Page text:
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October 26, 2009
ANDREW KRASNY: One of two players making their singles debut here and the first Danish woman to qualify for the Championships, she's the only teenager and the youngest player to qualify this year. She enters the Championships with a career-high ranking of No. 4 in the world. She's reached eight singles finals, winning titles at Ponte Vedra Beach, Eastbourne and New Haven. She reached her first Grand Slam final at the US Open. Also the first Dane to do so. This year she had 65 wins in 87 matches, both season highs among all Tour players. From Denmark, ladies and gentlemen, Caroline Wozniacki.
Q. When you set out at the start of this year, did you think at the end you would be in such a high position in the world rankings?
CAROLINE WOZNIACKI: Last year I finished 12th in the world. I was hoping I could make it in the top 10. Definitely my goal was to reach the Sony Ericsson Championships. But, yeah, I mean, I didn't expect to be 4 in the world right now. So I'm really happy about my season so far.
Q. How much higher do you think you can go?
CAROLINE WOZNIACKI: I don't know. We have to see. I have three more spots to go to the place where I want to go. But, yeah, it's still hard work, a lot of improvement.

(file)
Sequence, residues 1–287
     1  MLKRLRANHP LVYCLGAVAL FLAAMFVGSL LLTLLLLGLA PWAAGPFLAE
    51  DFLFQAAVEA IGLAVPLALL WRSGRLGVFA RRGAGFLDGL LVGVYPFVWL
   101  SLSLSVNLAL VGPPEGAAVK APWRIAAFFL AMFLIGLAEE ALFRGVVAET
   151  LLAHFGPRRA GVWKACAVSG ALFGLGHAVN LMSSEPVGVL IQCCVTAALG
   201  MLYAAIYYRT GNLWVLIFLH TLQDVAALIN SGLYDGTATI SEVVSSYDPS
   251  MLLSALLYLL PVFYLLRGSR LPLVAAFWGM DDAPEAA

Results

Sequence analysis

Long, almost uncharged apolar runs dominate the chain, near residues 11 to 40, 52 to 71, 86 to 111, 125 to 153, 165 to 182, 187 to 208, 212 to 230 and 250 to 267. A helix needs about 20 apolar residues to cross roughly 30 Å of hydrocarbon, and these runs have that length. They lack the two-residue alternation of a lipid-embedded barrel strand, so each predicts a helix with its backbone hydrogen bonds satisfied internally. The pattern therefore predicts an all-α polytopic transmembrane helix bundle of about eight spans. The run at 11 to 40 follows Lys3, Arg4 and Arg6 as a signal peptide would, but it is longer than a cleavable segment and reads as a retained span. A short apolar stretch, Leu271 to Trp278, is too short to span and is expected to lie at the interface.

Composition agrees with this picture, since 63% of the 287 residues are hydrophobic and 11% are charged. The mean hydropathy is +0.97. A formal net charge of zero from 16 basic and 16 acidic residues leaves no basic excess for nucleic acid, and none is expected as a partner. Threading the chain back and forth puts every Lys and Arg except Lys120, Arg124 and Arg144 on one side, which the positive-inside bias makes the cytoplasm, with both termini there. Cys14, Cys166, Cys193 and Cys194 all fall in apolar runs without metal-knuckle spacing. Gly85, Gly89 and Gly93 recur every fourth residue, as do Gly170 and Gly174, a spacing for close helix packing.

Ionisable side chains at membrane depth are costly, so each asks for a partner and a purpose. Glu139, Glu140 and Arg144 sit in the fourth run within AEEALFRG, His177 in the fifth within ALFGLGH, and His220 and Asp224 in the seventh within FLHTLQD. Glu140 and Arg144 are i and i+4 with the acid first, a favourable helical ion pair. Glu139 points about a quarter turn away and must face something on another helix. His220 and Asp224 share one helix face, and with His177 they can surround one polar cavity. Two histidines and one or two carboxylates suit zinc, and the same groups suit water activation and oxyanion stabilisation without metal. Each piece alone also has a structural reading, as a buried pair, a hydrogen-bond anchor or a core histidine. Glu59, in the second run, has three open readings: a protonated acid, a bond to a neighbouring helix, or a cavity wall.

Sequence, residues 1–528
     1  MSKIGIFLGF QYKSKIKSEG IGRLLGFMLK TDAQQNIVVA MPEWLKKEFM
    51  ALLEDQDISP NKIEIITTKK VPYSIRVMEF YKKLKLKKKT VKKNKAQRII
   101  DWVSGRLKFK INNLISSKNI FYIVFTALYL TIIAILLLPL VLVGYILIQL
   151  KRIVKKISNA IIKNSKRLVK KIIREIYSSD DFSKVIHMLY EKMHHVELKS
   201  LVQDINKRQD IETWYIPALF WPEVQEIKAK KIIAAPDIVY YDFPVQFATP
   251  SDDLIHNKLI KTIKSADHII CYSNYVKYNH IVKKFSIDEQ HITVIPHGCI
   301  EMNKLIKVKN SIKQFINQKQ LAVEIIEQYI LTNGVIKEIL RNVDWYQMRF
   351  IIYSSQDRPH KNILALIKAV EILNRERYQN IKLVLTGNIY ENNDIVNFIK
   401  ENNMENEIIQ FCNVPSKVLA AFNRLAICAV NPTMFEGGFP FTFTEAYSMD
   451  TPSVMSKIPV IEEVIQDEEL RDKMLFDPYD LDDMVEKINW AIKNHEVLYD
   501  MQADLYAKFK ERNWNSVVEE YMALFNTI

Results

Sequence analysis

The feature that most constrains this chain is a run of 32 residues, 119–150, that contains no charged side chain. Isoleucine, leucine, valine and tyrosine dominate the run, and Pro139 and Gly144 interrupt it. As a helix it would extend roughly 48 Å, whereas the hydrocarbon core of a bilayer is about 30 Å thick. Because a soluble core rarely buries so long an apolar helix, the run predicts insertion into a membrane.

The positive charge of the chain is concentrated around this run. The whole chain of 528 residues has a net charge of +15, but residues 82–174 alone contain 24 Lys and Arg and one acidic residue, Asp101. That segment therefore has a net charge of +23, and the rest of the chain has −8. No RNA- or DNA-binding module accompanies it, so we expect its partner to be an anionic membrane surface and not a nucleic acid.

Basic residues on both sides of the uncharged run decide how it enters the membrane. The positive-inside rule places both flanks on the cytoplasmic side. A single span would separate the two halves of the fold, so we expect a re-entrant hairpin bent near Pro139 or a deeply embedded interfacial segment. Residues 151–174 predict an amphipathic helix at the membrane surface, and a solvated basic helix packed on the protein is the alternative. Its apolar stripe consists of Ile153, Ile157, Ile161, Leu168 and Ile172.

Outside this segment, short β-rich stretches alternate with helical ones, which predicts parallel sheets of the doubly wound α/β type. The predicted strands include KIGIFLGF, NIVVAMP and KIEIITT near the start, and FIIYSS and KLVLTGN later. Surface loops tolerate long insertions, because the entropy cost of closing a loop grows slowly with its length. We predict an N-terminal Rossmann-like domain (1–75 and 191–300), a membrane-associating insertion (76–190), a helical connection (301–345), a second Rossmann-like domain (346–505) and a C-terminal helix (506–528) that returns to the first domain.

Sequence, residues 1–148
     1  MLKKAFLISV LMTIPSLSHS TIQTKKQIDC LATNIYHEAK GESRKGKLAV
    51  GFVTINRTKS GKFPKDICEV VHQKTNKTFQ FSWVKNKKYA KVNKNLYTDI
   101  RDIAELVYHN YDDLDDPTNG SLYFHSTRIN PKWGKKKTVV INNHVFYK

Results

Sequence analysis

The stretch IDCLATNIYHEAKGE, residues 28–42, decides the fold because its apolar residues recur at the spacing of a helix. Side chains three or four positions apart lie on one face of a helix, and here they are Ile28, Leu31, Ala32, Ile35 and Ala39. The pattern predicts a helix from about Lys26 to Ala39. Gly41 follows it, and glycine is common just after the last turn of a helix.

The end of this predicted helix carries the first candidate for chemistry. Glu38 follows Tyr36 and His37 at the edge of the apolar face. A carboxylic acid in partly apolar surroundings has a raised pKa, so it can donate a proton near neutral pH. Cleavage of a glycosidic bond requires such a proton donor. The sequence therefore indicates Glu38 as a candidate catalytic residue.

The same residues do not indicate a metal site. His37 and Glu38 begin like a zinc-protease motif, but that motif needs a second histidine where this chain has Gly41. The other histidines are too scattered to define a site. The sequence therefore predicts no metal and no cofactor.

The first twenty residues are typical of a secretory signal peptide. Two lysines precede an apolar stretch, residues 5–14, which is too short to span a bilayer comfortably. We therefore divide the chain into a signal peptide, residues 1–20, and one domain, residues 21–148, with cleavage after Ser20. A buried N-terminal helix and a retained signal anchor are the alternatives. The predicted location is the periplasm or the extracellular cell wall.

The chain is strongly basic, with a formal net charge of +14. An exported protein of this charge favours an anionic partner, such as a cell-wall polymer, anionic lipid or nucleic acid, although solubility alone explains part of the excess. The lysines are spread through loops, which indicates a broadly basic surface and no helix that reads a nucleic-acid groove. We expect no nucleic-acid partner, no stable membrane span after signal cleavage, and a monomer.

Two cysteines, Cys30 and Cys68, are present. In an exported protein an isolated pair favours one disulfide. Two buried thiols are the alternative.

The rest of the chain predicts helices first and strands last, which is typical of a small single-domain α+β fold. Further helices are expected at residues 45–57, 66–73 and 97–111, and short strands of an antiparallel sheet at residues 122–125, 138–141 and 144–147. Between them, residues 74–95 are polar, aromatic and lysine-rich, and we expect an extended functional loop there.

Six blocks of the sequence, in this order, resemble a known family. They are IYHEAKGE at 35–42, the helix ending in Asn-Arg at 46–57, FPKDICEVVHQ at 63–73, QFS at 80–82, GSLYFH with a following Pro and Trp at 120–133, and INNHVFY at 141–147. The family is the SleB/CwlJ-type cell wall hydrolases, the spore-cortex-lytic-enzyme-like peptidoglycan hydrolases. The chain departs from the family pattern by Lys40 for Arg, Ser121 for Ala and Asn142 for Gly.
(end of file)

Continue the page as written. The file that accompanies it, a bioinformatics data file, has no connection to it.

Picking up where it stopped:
Yeah, I'm just taking one step at a time.
Q. Is it a big ambition of yours to get there?
CAROLINE WOZNIACKI: Yeah, definitely. I think everyone playing on the Tour, competing on a high level, wants to become No. 1 in the world and win Grand Slams. That's also my goal.
But, yeah, as I said, I have three more spots to go. It's not easy spots.
Q. I think you played almost every week this year. You've hardly missed a week of tennis in the whole year. Because you're young, you haven't been injured, you played an extraordinary amount of tennis.
CAROLINE WOZNIACKI: I don't know. I think 'every week', I would have to play 52 weeks a year. This year I played 26.
Q. You played 87 matches already this year. That's a lot of tennis.
CAROLINE WOZNIACKI: Yeah. It just means I made a lot of good results. I'm really pleased about my season so far. I had a lot of matches in each tournament. I think I can be happy about that. I think if I wouldn't have made so many matches, my ranking wouldn't be as high as it is today.
Q. Denmark is not thought of as a major tennis nation. How much has Denmark been a factor in your breaking through or have you used other countries?
CAROLINE WOZNIACKI: Denmark has a lot of tennis courts everywhere, indoors, outdoors, all kinds of surfaces. We have good facilities there. I mean, I've worked with my dad since I started playing. Definitely my family has been my biggest supporter. Without them, I wouldn't be at the level I am today.
Q. Are there many other players coming through after you in Denmark?
CAROLINE WOZNIACKI: I don't know so many. I know that there are maybe a few young ones coming up. Hopefully they can make it through.
Q. Can you explain exactly what happened in Luxembourg?